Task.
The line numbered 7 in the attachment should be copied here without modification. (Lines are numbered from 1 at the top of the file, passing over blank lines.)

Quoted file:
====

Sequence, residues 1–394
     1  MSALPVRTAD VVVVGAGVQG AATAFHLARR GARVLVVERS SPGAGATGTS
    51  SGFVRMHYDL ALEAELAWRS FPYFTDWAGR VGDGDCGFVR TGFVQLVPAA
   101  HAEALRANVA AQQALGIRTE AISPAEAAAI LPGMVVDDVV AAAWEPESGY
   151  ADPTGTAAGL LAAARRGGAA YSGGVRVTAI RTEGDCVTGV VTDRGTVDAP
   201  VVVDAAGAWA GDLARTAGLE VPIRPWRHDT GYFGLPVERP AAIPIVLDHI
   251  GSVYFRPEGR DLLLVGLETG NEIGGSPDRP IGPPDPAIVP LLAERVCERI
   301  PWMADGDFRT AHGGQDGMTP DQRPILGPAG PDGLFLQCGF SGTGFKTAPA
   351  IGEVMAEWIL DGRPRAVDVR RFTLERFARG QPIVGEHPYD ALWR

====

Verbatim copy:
   251  GSVYFRPEGR DLLLVGLETG NEIGGSPDRP IGPPDPAIVP LLAERVCERI